Climate change impacting the fate of vulnerable coastal communities is nothing new. One such example occurred in prehistoric Brazil, affecting ancient populations known as sambaqui societies that lived along the southeast coast, from Rio de Janeiro to Santa Catarina. The name comes from the Brazilian term—itself derived from the Tupi language—for the shell mounds that characterized their settlements, often built for funeral ceremonies. A study published in the journal Scientific Reports suggests that the number and size of sambaqui archaeological sites declined around 2,200 years ago, primarily due to a 1.6-meter fall in sea levels. The hypothesis is that the environmental change reduced the size of bays and lagoons and restricted access to local coastal resources, such as mollusks and small fish, previously abundant and used to build the mounds. As a result, coastal peoples abandoned these funerary traditions, which served as a form of social gathering, leading to divisions and increasing their contact with new environments and peoples.
The scenario was outlined by André Carlo Colonese, an archaeologist from the Institute of Environmental Science and Technology (ICTA) at Universitat Autònoma de Barcelona, head of the research group that wrote the article. The team inferred the diet of nearly 300 sambaqui communities that lived between 7,000 and 1,000 years ago using molecular analysis and radiocarbon dating. Based on their eating habits, Colonese and his colleagues deduced the social dynamics and demographic evolution of the communities. Most of the archaeological sites, from which samples have been collected over decades by scholars from universities, museums, and other Brazilian institutions, are cemeteries. Some of the mounds are made of alternating layers of graves and shells or fish and shellfish remains.
The scientists analyzed the composition of bone collagen—which is extremely resistant to degradation and can last for thousands of years after a person dies—to determine the eating habits of the sambaqui groups. Over the years, an individual’s diet leaves a molecular and atomic imprint on their tissue. The proportion of different carbon and nitrogen isotopes—lighter or heavier forms of an atom of the same chemical element—present in the collagen indicates whether the diet was heavier in certain plants, fish, or red meat.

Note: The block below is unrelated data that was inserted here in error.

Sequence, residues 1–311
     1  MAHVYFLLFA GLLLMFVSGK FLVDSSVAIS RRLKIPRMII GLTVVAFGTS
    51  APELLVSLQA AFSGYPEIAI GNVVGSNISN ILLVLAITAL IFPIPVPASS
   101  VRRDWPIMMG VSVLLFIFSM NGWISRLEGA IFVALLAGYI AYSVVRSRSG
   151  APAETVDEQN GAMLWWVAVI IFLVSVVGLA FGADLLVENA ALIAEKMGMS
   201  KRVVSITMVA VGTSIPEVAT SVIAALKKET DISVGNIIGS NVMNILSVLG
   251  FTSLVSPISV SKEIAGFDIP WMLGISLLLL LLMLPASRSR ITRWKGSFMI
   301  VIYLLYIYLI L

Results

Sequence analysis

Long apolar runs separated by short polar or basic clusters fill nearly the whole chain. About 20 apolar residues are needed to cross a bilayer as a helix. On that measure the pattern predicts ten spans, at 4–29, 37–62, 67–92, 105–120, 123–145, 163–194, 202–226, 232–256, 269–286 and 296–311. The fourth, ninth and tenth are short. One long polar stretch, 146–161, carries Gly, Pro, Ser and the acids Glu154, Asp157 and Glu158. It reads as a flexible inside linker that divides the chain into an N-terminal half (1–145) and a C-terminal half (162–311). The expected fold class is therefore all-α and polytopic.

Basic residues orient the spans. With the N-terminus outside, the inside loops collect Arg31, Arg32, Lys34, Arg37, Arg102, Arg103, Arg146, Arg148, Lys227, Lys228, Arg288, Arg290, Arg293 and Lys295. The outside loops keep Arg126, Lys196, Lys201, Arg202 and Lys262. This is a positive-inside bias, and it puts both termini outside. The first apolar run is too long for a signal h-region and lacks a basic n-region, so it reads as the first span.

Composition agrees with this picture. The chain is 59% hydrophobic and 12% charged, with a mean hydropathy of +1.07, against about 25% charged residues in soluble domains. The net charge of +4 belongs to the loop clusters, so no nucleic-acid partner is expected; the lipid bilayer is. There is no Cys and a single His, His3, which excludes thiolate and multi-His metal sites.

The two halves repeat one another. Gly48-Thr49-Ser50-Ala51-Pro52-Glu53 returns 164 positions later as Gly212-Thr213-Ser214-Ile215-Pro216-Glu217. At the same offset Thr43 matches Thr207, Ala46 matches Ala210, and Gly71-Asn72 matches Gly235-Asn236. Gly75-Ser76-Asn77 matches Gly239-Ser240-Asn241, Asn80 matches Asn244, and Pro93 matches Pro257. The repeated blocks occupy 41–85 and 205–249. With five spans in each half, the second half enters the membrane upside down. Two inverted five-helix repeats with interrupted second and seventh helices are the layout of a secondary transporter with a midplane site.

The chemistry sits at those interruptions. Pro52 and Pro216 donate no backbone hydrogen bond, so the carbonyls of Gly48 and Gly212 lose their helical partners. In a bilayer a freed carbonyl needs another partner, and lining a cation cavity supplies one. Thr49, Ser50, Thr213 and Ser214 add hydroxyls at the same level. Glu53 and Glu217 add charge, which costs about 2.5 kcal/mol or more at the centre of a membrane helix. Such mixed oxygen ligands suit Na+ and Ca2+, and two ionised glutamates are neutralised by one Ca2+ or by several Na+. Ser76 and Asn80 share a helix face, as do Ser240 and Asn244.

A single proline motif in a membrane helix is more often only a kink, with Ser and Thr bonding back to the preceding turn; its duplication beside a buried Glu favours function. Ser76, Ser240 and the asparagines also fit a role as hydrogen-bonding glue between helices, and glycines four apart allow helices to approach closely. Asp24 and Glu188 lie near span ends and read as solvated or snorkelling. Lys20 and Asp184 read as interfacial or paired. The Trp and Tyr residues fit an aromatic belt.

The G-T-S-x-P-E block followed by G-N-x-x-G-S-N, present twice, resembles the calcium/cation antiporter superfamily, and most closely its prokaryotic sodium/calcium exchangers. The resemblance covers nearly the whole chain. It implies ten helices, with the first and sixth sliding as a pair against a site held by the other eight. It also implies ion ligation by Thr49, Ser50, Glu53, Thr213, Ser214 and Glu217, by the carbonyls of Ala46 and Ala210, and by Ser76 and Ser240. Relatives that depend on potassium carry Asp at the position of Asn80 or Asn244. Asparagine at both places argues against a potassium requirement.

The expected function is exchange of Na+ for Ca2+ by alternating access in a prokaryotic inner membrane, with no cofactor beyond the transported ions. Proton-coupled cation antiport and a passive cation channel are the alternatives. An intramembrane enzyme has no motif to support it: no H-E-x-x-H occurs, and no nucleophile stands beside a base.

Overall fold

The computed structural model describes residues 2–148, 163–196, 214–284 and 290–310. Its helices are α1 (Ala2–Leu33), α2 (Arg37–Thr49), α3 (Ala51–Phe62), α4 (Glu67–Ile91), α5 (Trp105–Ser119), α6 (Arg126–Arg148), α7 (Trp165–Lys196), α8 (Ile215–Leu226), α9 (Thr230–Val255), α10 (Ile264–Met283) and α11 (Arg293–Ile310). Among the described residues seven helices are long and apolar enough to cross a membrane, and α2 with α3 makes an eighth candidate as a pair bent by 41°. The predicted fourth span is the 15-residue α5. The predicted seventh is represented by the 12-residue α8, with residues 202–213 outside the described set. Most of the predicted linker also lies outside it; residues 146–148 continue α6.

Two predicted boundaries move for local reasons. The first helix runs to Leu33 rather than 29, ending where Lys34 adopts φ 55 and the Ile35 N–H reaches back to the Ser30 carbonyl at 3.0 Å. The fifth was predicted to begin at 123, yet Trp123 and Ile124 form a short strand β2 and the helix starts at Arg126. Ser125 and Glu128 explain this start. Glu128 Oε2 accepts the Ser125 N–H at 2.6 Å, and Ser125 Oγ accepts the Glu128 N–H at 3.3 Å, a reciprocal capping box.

According to the analysis, there was an increase in the consumption of fish from the top of the food chain, such as sharks and rays, roughly two millennia ago, around the same time that the sambaqui societies began to collapse. The authors of the article believe this reflects a change in fishing strategies. Fishing ceased to be a communal activity carried out locally in bays and lagoons and fragmented into family enterprises run by small independent groups in new environments and locations. “Perhaps the most significant and unexpected result of the study was the evidence of substantial population decline along the coast of southern Brazil between 2,000 and 1,000 years ago,” says Colonese. “But this hypothesis still needs to be studied further.”
The study is part of the Tradition project, an interdisciplinary initiative funded by the European Research Council (ERC) that aims to investigate the historical development of small-scale fishing in Brazil. In addition to Colonese, the article was also signed by researchers from five Brazilian universities and institutions in Europe and North America.
Sambaqui expert Paulo DeBlasis, from the Museum of Archaeology and Ethnology (MAE) at the University of São Paulo (USP), highlights the methodology, breadth, and robustness of the data gathered by Colonese’s group. “One of the merits of the study is that it amassed a large volume of data and submitted them to rigorous statistical processing,” says DeBlasis. “It also supports the theory that the social and demographic complexification of sambaqui cultures did not come from an emphasis on cultivated products, but from the use of sophisticated technologies for intensive exploitation of marine and forest animal resources.”
However, the MAE historian and archaeologist has reservations about the central idea proposed by the study. “Although the growing scarcity of mollusks may have affected symbolic aspects involved in the construction of shell mounds and led to their gradual disappearance, climate change was a slow process that led to new fishing and hunting strategies and intensified the use of these resources,” says DeBlasis. “Apparently, there was no shortage of food. The lagoons are bountiful to this day.”
TOSO, A. et al. Fishing intensification as response to Late Holocene socio-ecological instability in southeastern South America. Scientific Reports. Dec. 6, 2021.